|Publication number||US5410334 A|
|Application number||US 07/584,816|
|Publication date||Apr 25, 1995|
|Filing date||Sep 19, 1990|
|Priority date||Sep 19, 1990|
|Also published as||DE69120178D1, DE69120178T2, EP0476276A2, EP0476276A3, EP0476276B1|
|Publication number||07584816, 584816, US 5410334 A, US 5410334A, US-A-5410334, US5410334 A, US5410334A|
|Inventors||Liam D. Comerford|
|Original Assignee||International Business Machines Corporation|
|Export Citation||BiBTeX, EndNote, RefMan|
|Patent Citations (10), Referenced by (33), Classifications (8), Legal Events (5)|
|External Links: USPTO, USPTO Assignment, Espacenet|
1. Field of the Invention
The present invention generally relates to the field of handwriting interface devices for computing systems and, more particularly, to a switch for pen-down sensing in electronic styli.
2. Description of the Prior Art
The use of a stylus of some form for the creation of writing is as old as writing itself. The form of the stylus has been dictated by the writing medium. In modern times, the use of the highly refined skills involved in the use of writing instruments has been envisaged as a proper set of skills for use when communicating with a computing system. This is a natural outcome of the increased use of computing systems as a storage medium for documents, the even greater power of computing systems to perform actions that resemble human recognition, and the great flexibility that the stylus offers as an expressive tool. It should also be noted that for some written languages, such as those using Kanji characters, the stylus represents a far more acceptable tool for character entry than a keyboard.
The use of stylus input to computing systems has been used for such diverse applications as computer aided design (CAD), editing, spread sheet operation, signature recognition systems, and user interface operation. In each application, the stylus forms part of a "digitizer", the function of which is to convert stylus positions into computer-read numbers. Digitizers find their largest market in the area of CAD applications, so the requirements of the CAD applications have more or less determined the kind of switches used in digitizer styli.
In many CAD applications, the stylus is used in conjunction with a two-dimensional digitizing tablet to indicate a succession of static points the positions of which are recorded by the computer for further processing. Styli which have been built for CAD applications have switches incorporated in their structure to permit the user to indicate the to the computing system that the user is satisfied that the stylus is pointing to exactly the position that the user wishes to be recorded. The optimal switch for such use permits the user to make contact with the digitizer surface and even to apply substantial pressure to the stylus without actuating the switch. The very deliberateness which is a feature of these switches is a handicap in the area of handwriting capture.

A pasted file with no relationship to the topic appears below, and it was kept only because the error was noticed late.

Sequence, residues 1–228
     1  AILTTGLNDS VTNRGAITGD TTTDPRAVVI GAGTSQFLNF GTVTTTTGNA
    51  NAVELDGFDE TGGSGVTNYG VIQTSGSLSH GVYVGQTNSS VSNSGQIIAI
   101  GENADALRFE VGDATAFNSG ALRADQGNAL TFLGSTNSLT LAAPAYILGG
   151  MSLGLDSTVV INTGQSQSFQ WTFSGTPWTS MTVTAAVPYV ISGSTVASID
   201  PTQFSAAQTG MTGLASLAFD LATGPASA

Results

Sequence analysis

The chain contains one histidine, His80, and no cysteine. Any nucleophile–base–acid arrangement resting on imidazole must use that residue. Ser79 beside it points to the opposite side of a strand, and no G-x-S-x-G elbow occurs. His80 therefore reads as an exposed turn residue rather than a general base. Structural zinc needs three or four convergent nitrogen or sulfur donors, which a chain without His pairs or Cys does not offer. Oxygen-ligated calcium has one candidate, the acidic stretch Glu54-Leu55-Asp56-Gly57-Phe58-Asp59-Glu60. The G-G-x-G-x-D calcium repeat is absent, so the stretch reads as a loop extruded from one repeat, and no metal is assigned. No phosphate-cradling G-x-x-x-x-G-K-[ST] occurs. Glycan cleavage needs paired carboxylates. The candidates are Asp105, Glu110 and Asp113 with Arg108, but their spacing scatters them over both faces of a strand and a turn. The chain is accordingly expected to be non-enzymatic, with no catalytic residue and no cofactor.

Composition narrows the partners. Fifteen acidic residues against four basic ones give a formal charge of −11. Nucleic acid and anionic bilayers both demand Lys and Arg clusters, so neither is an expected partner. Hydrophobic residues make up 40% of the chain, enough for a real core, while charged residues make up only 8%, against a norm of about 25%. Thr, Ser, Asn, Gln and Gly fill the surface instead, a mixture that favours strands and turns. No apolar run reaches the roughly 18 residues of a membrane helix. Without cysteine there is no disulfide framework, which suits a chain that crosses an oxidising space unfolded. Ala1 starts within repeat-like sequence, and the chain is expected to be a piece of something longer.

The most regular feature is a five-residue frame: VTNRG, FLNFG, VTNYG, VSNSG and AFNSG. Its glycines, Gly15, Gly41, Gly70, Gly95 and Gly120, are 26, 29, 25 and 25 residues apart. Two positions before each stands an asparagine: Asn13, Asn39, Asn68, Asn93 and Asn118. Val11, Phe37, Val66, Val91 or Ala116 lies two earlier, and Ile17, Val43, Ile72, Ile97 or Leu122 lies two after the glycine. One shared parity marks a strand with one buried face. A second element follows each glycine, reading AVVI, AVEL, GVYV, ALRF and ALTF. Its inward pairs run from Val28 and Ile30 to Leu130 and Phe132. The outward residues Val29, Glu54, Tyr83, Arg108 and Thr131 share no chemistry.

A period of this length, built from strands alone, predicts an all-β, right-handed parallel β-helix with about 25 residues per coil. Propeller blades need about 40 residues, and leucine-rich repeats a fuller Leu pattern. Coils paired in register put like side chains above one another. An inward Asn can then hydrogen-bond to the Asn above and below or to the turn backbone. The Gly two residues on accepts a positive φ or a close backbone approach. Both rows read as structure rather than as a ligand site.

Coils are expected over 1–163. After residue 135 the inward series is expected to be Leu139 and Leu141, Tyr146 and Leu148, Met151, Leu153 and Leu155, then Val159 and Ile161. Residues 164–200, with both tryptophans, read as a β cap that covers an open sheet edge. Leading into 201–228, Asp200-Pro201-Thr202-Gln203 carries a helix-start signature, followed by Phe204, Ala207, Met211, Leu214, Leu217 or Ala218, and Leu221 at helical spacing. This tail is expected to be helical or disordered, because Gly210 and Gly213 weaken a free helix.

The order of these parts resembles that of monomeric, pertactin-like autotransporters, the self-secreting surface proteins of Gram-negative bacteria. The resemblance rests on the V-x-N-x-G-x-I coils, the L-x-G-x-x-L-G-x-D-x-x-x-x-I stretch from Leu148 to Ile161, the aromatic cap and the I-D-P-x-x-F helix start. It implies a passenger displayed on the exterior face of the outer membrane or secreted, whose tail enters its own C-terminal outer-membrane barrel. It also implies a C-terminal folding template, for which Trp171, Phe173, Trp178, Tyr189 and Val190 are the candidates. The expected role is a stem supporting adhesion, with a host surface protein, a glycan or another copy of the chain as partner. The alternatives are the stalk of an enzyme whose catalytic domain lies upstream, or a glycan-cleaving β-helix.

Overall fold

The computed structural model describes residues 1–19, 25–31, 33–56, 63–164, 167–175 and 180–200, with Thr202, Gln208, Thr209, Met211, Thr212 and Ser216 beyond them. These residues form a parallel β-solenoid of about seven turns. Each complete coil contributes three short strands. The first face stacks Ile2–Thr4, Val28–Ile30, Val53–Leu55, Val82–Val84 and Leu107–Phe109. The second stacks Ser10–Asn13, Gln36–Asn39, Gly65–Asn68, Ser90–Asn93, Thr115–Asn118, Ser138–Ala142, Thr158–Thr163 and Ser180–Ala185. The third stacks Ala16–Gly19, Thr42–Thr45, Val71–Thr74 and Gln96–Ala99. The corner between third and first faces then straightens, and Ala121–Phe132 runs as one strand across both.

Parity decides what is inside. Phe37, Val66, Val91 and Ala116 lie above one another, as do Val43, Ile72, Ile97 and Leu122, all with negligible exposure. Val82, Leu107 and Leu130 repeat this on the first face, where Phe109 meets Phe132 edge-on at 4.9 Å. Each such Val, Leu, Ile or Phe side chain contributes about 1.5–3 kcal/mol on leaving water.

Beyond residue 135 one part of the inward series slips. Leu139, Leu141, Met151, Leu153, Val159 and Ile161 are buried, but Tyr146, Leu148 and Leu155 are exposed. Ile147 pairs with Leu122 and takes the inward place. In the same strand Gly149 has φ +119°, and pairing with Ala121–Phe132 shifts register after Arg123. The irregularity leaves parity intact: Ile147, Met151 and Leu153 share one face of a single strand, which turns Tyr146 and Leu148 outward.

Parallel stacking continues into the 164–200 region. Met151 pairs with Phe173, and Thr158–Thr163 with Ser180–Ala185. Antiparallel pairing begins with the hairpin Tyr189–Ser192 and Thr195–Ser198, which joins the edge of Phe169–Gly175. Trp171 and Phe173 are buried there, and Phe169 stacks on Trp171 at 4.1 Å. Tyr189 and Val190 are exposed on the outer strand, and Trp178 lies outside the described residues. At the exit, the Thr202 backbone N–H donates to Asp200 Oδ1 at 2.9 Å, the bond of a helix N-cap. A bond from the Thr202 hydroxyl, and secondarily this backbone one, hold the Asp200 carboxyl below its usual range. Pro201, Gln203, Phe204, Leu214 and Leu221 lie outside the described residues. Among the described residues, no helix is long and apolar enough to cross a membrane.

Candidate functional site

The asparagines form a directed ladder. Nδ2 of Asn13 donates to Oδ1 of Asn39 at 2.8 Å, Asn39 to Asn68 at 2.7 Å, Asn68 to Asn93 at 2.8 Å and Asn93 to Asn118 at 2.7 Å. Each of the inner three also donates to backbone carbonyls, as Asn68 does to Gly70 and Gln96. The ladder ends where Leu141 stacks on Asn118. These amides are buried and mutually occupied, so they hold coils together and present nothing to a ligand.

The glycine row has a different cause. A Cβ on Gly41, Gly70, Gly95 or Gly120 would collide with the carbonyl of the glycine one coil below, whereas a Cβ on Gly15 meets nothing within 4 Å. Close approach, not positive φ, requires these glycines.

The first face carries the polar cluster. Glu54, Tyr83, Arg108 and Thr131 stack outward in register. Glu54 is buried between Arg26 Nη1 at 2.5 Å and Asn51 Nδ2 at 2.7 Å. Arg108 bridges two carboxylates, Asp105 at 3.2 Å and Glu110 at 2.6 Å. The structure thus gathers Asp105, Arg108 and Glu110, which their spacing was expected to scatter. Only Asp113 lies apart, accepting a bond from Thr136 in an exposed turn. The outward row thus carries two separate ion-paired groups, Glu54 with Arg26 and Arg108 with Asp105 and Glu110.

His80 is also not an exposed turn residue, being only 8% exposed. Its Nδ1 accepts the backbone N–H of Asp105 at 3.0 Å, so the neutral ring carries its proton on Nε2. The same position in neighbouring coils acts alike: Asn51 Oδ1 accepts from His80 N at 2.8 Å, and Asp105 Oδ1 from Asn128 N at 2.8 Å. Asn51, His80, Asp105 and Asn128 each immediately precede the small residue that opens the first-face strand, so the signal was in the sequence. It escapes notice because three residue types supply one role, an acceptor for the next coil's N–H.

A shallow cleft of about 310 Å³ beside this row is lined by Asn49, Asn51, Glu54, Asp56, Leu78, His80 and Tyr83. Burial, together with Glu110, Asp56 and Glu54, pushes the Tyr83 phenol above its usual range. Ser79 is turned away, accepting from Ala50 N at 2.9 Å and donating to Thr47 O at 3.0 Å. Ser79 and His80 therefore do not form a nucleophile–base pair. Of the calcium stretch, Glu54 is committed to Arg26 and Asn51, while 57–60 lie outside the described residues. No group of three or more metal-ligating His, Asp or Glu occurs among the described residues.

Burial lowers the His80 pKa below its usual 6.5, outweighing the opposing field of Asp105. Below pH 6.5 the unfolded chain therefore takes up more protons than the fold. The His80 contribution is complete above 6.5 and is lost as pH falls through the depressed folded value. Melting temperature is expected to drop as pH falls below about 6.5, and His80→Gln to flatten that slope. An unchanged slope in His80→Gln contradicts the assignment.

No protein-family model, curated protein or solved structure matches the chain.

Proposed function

When CAD oriented styli are used for handwriting data capture, it is not uncommon to find skips or other errors in the data stream. These are the consequence of the unaccustomed force and point travel required when such styli are used for writing. In the field of signature verification, considerable attention has been given to the development of styli which more closely simulate a writing pen so as to make the handwriting more natural, and hence the data input to the computer more accurate.
Recent developments in the field of automatic signature verification such as exemplified by U.S. Pat. No. 3,983,535 to Herbst et al. and U.S. Pat. No. 4,128,829 to Herbst et al. make the concept of personal identification via computer based signature analysis practical. The invention disclosed in U.S. Pat. No. 3,983,535 is based on the discovery that the accelerations of the stylus, which are proportional to the muscle forces exerted by the signer, are of predetermined consistent durations when forming particular strokes in a habitual signature. The nature of the process gives rise to various distortions in the time axis; e.g., pauses between sections of the name, skipped strokes, decorative rubrics, and the like. Thus, the signal is marked by regions of high correlation of unknown duration separated by variable regions of low correlation. Accordingly, the invention in U.S. Pat. No. 3,983,535 dealt with a method of regional correlation which registered these regions based initially on stylus contact and then shifting the regions individually to find the maximal of the correlation function weighted to penalize shifting. The results were then combined to make an overall verification decision.